New analysis shows that more medicines worldwide are available to U.S. patients

Kevin Haninger
Kevin Haninger June 5, 2018

Image uploaded from iOS.

Share This

In the past year, we have seen revolutionary new treatments become available to patients in the United States for cancer and other debilitating diseases. A new analysis puts in perspective the greater availability of new therapies for American patients compared to those living in other countries.

Using regulatory approval data from the U.S. Food and Drug Administration (FDA), European Medicines Agency (EMA) and the Japanese Pharmaceuticals and Medical Devices Agency (PMDA), as well as product sales data from around the world, the analysis identified 220 new molecular entities (NMEs) launched in 36 countries from 2011 to 2017.

Nearly 90 percent of these newly launched medicines were available in the United States, compared to just two-thirds in the United Kingdom, half in Canada and France, and one-third in Australia. For example:

  • Only 55 percent of the new medicines used to treat respiratory disorders were available in Canada, compared to 100 percent in the United States.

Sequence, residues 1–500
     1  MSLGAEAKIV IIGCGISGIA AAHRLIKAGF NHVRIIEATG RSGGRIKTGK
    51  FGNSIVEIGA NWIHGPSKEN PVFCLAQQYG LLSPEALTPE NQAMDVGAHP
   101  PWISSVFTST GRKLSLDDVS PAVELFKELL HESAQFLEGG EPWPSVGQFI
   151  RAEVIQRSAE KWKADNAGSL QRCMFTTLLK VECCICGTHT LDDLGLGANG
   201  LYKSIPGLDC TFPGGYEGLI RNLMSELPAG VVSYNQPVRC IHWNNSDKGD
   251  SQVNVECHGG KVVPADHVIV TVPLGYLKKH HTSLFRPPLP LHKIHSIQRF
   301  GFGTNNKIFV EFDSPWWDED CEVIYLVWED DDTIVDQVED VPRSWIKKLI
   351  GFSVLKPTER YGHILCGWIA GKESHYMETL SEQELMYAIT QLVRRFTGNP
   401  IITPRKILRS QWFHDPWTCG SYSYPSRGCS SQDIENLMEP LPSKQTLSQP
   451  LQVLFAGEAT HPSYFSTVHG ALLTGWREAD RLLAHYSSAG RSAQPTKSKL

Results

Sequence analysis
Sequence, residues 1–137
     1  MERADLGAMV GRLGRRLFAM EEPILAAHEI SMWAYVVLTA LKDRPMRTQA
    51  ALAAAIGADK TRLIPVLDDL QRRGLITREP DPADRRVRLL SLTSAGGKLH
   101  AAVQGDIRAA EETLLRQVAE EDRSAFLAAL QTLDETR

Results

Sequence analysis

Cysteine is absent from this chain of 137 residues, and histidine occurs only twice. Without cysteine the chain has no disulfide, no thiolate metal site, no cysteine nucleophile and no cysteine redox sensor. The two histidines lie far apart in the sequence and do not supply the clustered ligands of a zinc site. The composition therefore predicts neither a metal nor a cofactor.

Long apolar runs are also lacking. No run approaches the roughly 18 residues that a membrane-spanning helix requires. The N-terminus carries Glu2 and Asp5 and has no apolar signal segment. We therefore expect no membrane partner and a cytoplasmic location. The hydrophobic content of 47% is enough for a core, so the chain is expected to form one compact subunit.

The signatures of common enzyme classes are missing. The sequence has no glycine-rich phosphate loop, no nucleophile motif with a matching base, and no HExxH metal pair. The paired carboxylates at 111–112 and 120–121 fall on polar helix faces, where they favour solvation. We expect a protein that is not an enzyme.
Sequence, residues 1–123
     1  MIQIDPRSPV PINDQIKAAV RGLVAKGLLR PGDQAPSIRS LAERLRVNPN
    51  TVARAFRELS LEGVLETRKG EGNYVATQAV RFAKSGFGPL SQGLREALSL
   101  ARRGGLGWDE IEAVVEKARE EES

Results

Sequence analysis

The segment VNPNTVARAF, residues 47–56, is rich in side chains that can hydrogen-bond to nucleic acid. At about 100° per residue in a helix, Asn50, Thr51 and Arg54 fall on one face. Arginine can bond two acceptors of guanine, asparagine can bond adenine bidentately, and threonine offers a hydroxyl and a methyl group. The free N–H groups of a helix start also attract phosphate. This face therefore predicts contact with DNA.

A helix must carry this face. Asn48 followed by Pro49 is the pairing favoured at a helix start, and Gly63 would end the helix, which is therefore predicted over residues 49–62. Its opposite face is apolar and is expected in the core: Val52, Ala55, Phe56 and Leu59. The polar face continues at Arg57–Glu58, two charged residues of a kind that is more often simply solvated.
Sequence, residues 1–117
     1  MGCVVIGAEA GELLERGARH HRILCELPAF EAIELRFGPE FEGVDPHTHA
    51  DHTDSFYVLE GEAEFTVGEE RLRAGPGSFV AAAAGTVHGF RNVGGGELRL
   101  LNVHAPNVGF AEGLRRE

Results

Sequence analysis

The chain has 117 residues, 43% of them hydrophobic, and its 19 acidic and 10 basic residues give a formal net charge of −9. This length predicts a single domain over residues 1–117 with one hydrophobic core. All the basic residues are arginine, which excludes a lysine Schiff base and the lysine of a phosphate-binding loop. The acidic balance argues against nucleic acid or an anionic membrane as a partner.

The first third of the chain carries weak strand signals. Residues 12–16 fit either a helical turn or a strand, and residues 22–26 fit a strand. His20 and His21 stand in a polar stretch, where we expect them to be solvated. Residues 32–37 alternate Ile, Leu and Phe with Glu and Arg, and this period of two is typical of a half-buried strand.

• Of the 65 oncology NMEs identified, nearly all were available in the United States (62 medicines or 95 percent) compared to 75 percent in the United Kingdom and 51 percent in Japan.
  • For anti-infective and anti-viral medications, 90 percent of 30 NMEs identified were available in the United States compared to 80 percent in Germany, 60 percent in France and 57 percent in Canada.



Access to life-saving treatments makes a real difference in the lives of American patients. The National Cancer Institute announced on Tuesday that cancer deaths in the United States steadily declined for all ethnic groups from 1995 to 2015. Our market-based system for prescription drugs helps American patients get more treatments than anywhere else in the world. Patients in the United States have more choices as they work with their doctors to determine the best treatment options.

Topics: Access, FDA, Cancer